How to Protect Your Kale From Pesky Pests
Kale is easy to grow and, with proper care, has few problems with insects once the plants are established. If an insect infestation should appear, though, organic treatment methods are available.
Insects and Diseases
The insects and other pests that are attracted to kale include:
- Green worms, caterpillars from the imported cabbage white moth, the diamondback moth, or the cabbage looper moth
- Flea beetles
- Cutworms, caterpillars from dark-winged moths
Caterpillars, aka “Green Worms”
Three types of caterpillars sometimes are referred to collectively as “green worms”, but each has features that distinguish it from the others. If you see them, you can pick them off the leaves by hand.
Some aphids can be so tiny that they can only be seen under a microscope. All aphids have pear-shaped bodies and long antennae. However, the different species can be identified by color and whether they appear to have a waxy or woolly coating.
You can discourage aphids with a spray of cold water or a mixture of water and dishwashing liquid.
Flea beetles are small, shiny beetles with large back legs that enable them to leap from leaf to leaf like fleas. They can be solid or striped, and colors range from bluish to metallic gray to back, brown, or bronze.
Flea Beetle Damage
While the larva hatch from eggs laid on the ground and feed on plant roots, the adults feed on the leaves, especially newly formed leaves and seedlings, creating small, round “shotholes”. These scattered shotholes give new leaves a lacy appearance. The holes are not a direct threat to established plants, but flea beetles can spread blight and wilt from plant to plant.
Controlling Flea Beetles
Adult flea beetles spend the winter in brushy or wooded areas. By mowing down any brush that is near your garden in the fall, you eliminate the flea beetle’s winter habitat.
Tilling your garden in the fall not only makes spring planting easier but also exposes flea beetle eggs to the cold.
Flea beetles begin to leave their winter habitat when the temperature reaches 50°F (10°C). You can save your seedlings by delaying planting or transplanting your kale for about two weeks after temperatures warm to that point.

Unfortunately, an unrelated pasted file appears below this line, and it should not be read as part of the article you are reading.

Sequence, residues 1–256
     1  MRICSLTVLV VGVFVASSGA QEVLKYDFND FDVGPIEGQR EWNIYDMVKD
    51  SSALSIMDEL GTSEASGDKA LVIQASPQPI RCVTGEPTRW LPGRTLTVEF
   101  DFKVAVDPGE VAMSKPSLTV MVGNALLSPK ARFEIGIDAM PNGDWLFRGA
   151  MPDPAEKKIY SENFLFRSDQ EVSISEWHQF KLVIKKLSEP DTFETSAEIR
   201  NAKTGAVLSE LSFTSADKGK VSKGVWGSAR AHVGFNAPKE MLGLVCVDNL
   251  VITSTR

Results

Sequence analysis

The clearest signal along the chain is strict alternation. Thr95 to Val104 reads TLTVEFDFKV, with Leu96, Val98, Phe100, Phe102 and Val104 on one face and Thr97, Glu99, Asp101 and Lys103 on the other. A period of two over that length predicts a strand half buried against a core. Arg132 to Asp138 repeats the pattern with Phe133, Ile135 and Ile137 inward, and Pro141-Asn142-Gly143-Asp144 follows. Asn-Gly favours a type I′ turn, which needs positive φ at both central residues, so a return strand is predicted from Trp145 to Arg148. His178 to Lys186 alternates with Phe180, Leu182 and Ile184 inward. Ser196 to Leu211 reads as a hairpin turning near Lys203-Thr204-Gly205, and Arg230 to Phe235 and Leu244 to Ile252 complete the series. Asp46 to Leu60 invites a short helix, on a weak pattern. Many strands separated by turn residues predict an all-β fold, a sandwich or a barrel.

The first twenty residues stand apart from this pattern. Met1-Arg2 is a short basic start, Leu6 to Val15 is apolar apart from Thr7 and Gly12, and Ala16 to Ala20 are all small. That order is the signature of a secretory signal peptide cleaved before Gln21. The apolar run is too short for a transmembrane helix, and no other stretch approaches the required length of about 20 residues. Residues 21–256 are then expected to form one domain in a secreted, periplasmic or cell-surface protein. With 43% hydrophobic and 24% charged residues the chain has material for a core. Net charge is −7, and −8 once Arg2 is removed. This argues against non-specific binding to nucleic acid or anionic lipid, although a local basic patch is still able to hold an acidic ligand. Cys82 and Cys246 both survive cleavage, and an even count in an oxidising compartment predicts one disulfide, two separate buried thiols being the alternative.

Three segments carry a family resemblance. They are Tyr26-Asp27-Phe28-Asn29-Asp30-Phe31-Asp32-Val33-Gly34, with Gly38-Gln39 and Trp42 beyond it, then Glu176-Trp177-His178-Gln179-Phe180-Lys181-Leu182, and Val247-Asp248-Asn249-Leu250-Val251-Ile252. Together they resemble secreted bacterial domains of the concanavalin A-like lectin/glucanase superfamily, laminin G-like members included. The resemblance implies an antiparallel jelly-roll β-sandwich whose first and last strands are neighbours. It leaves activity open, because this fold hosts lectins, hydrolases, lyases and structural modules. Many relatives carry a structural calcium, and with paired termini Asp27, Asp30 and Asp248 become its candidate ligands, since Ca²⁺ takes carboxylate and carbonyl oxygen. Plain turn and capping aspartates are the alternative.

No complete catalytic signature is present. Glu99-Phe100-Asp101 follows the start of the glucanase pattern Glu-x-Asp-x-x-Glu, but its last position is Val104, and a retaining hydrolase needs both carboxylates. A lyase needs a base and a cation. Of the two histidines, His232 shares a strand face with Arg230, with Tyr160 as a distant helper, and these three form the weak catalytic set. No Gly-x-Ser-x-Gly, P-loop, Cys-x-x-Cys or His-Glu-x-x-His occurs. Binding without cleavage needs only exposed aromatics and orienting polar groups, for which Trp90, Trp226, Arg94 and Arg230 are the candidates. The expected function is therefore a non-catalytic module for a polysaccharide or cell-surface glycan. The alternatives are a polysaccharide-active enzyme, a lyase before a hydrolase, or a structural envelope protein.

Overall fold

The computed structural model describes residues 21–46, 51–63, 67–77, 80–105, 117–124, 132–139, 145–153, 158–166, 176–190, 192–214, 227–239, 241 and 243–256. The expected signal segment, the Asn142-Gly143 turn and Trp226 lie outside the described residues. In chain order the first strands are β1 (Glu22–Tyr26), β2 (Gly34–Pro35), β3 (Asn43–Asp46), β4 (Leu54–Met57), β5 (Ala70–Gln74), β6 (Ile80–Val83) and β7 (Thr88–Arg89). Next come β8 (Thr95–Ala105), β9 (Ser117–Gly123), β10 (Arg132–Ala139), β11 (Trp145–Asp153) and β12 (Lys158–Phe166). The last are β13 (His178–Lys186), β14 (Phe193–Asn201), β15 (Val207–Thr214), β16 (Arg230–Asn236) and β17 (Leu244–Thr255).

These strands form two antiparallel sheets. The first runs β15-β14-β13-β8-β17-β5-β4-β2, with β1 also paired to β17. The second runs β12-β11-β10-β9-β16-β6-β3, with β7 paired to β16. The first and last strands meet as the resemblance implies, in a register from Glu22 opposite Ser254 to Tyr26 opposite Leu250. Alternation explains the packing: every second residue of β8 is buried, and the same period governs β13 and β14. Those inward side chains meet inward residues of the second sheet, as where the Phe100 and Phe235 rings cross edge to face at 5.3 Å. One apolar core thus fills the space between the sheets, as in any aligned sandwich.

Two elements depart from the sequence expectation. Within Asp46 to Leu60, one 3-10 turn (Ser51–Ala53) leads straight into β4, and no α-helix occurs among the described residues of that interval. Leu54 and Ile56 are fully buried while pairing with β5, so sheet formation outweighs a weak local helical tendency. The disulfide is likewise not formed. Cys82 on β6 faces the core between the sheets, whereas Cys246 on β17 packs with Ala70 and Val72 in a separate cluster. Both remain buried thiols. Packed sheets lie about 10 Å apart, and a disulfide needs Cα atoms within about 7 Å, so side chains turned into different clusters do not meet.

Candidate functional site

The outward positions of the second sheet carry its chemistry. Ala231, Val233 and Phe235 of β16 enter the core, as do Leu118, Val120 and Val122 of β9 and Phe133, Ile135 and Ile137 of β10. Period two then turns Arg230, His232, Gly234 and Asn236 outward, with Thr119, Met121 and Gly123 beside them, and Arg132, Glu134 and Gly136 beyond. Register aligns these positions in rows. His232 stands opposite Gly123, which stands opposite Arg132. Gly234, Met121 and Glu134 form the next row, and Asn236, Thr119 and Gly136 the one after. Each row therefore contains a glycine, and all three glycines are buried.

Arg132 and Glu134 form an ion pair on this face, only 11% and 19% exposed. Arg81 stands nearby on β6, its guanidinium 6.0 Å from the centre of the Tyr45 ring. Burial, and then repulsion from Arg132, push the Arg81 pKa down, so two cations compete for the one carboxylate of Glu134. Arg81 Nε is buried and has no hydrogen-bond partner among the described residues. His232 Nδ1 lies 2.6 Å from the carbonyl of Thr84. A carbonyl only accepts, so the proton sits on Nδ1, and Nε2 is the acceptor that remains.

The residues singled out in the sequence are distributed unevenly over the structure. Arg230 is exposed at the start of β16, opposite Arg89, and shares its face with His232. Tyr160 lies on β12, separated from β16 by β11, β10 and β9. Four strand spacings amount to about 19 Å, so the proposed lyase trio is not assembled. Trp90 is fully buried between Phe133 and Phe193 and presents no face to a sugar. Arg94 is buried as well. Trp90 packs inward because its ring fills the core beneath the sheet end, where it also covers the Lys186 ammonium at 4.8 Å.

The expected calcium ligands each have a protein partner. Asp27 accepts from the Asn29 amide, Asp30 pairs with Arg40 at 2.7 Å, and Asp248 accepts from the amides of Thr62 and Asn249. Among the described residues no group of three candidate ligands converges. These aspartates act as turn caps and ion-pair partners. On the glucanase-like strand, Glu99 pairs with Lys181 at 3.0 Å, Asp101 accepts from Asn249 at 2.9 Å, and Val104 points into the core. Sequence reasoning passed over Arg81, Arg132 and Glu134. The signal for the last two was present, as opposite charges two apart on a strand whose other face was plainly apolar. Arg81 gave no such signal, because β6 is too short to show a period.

If you seal your row covers completely immediately after transplanting your kale, they can keep flea beetles away.
Plant basil or catnip near your kale to repel flea beetles and use radishes and nasturtiums to draw the flea beetles away to another area.
If you already have flea beetles on your kale, add one tablespoon of liquid dishwashing soap to a solution consisting of five parts water and two parts rubbing alcohol and spray it on your plants, or dust your plants with plain talcum powder.
Like the green worms, cutworms are caterpillars. They are the larva of various dark-winged, brown or gray moths. They are sometimes mistaken for slugs, and the damage they do when they climb to the top of plants in late summer also can be mistaken for damage caused by slugs.
Damage Caused by Cutworms
Cutworms favor seedlings and young plants, feeding on the roots and sometimes the foliage. They can cut completely through the stems from below ground, killing the entire plant.
As with flea beetles, mow down any tall grass or weeds around your garden to destroy the winter habitat of the moths, till the soil in the fall to expose the cutworms and eggs to the colder temperatures, and delay planting or transplanting by two weeks in the spring if that is possible.
Fireflies and birds are the cutworm’s natural predators. You can attract fireflies by planting shrubs and short trees near your garden to give fireflies a place to rest during the day.
For a small garden, make 4” wide cardboard collars to place around the plants as you transplant them, or save the cardboard tubes from toilet paper rolls and plant your seeds inside them. When your seedlings are ready for translating, plant them with the tube still around them.
Cutworms prefer to feed from dusk into the night and on cloudy days. When they are not active and feeding, they tend to curl up. Put on a pair of gloves and pick them off of your kale while they are out feeding.
While Bacillus thuringiensis can also harm butterflies, applying it in the afternoon can eliminate cutworms. Diatomaceous earth punctures soft bodied pests like cutworms when they crawl over it.
Sprinkle egg shells, coffee grounds, or an oak leaf mulch around your kale.